US faces uncertain legislative climate for PPPs

President-elect Barack Obama's choice for transportation secretary could determine the level of private sector participation in public infrastructure financing, according to a presentation by David Gribbin at the California Infrastructure Summit.

President-elect Barack Obama's choice for transportation secretary could impact the future of private sector participation in public projects in the US.

The financial crisis has caused a flight to safety, making infrastructure investment more attractive than it used to be, said David Gribbin, general counsel for the Federal Department of Transportation. 

“I think transportation in the current environment has gone from being predictable to being downright sexy,” Gribbin, a former division director with Macquarie in the US, said to an audience of engineering, finance and government officials gathered at the California Infrastructure Summit on Tuesday.

The nation's highway transportation funding system has “fundamental flaws”, including the fact that Americans are using less fossil fuels and driving less, which equates to decreasing gas tax revenues for the Highway Transportation Trust Fund.

As politicians look for a way to fix this, Gribbin said he hopes that next year's transportation reauthorization bill will bring forth a national framework for public private partnerships.

However, just how friendly public policy will be toward private sector involvement will depend largely on who Obama picks to head the department of transportation.

Possibilities range from the current chair of the House Transportation Committee, Democrat Jim Oberstar from Minnesota, who has long expressed skepticism toward PPP arrangements, to Democratic Pennsylvania Governor Ed Rendell, who has championed the cause.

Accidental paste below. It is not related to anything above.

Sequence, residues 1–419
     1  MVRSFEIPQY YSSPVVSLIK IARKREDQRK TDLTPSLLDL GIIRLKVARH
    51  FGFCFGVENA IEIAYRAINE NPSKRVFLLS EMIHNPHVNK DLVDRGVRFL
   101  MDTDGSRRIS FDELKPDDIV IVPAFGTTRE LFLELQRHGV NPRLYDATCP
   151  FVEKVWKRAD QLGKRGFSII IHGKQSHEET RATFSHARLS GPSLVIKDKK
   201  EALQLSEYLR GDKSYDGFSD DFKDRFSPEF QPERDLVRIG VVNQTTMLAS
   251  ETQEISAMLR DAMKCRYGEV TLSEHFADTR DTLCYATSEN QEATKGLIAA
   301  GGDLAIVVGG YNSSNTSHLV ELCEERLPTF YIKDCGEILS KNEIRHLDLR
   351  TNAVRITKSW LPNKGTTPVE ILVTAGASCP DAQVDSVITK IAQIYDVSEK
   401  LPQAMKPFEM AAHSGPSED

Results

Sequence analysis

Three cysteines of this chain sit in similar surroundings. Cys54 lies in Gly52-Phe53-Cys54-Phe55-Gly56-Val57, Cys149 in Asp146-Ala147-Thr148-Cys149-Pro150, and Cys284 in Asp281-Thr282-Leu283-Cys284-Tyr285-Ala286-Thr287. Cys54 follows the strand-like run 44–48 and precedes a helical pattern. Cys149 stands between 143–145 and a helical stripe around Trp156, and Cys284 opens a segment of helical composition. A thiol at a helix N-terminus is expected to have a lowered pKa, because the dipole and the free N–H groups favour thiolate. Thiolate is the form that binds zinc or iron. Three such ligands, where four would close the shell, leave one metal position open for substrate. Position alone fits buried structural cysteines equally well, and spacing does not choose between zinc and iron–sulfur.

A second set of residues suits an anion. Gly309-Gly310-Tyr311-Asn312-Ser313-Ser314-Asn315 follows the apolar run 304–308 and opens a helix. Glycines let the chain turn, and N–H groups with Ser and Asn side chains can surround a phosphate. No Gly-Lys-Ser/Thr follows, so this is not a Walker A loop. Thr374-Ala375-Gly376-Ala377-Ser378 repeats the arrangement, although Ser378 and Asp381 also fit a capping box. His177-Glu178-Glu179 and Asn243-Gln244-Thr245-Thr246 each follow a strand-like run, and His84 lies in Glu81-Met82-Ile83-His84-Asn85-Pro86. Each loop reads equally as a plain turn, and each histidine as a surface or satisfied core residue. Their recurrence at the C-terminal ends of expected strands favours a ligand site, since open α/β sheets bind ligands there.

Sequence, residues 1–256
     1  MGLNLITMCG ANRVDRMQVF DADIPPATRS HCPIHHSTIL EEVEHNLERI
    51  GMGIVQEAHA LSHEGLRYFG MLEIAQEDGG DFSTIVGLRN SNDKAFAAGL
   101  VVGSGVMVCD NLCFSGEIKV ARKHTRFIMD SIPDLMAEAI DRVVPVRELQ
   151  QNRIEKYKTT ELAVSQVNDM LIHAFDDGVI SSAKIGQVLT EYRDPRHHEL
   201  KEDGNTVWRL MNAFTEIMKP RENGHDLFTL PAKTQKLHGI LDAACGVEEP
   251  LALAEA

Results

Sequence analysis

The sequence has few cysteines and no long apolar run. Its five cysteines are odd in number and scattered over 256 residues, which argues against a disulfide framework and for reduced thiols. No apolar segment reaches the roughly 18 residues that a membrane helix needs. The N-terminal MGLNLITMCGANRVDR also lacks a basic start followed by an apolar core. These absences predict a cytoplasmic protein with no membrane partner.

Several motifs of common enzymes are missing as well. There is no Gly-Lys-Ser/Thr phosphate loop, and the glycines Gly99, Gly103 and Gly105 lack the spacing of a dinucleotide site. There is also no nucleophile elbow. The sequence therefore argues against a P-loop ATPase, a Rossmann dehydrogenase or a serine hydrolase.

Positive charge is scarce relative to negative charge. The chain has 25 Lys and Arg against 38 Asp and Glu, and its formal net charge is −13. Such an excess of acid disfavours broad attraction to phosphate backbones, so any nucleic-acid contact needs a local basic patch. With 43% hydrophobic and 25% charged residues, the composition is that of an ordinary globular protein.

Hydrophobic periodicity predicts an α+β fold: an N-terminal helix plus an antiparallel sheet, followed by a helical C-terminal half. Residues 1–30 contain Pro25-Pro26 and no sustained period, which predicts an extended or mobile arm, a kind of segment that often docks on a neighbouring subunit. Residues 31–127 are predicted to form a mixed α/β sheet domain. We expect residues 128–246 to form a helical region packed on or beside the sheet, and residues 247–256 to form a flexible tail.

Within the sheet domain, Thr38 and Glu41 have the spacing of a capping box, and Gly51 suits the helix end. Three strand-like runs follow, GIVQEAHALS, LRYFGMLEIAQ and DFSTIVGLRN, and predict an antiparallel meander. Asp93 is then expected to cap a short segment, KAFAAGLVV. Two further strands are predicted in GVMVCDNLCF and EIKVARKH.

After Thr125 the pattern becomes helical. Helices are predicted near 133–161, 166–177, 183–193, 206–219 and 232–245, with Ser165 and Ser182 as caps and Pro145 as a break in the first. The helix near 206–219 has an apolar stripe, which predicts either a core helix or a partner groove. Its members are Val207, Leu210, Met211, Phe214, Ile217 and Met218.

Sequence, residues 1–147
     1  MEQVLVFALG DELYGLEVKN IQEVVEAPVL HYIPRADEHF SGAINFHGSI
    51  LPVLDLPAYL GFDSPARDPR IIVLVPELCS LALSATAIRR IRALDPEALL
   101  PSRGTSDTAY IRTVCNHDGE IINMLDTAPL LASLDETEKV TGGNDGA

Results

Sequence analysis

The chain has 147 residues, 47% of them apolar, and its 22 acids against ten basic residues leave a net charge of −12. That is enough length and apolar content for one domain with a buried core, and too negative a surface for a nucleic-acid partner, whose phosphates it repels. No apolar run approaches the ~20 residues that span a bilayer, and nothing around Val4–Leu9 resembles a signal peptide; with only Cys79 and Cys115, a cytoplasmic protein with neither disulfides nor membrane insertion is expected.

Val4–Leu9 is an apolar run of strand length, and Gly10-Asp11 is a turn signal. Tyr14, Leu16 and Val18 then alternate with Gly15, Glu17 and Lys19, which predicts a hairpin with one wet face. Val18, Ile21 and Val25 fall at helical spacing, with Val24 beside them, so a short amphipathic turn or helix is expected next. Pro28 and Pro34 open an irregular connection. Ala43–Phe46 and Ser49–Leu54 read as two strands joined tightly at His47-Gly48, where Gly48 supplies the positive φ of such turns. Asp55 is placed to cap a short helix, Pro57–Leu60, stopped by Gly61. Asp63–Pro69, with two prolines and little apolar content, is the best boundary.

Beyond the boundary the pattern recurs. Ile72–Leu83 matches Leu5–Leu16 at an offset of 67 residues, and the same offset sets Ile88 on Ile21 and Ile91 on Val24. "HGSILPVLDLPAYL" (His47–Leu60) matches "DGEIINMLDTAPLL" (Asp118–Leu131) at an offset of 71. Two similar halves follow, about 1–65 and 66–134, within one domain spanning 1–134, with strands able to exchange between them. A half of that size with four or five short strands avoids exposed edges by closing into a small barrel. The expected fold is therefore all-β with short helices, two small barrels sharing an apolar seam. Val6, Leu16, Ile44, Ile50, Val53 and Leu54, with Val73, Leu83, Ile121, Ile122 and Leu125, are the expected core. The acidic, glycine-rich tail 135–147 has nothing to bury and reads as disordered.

If Congress supports public financing of infrastructure projects over private sector participation, the result can be a “distortion” of state funding priorities, Gribbin said, in which states are promised public funds that are under-delivered, causing shortfalls.

“Unfortunately, they usually come up with about 10 cents on the dollar . . . the fact that there is a big pile of money in Washington can actually be detrimental,” Gribbin said.

Currently 23 states have laws that give them tolling authority or enable them to enter into PPP-type arrangements, Gribbin said. He expects that number to increase and said near-term legislative developments could arise in New Jersey, Pennsylvania, Illinois and Nevada.

Congress does not have the authority to intercede in state PPP agreements, Gribbin said. However, he cautioned that Congress can and is likely to legislate how such agreements are implemented.

“Looking forward, I think we can expect Congress, especially on the house side, to provide some sort of regulation on top of [state] PPPs,” Gribbin said.

Obama also may consider as transportation secretary former Clinton administration Deputy Department of Transportation Secretary Mortimer Downey; former Federal Aviation Administration head Jane Garvey and Congressman Earl Blumenauer, a Democrat representing Oregon's third congressional district, Gribbin said.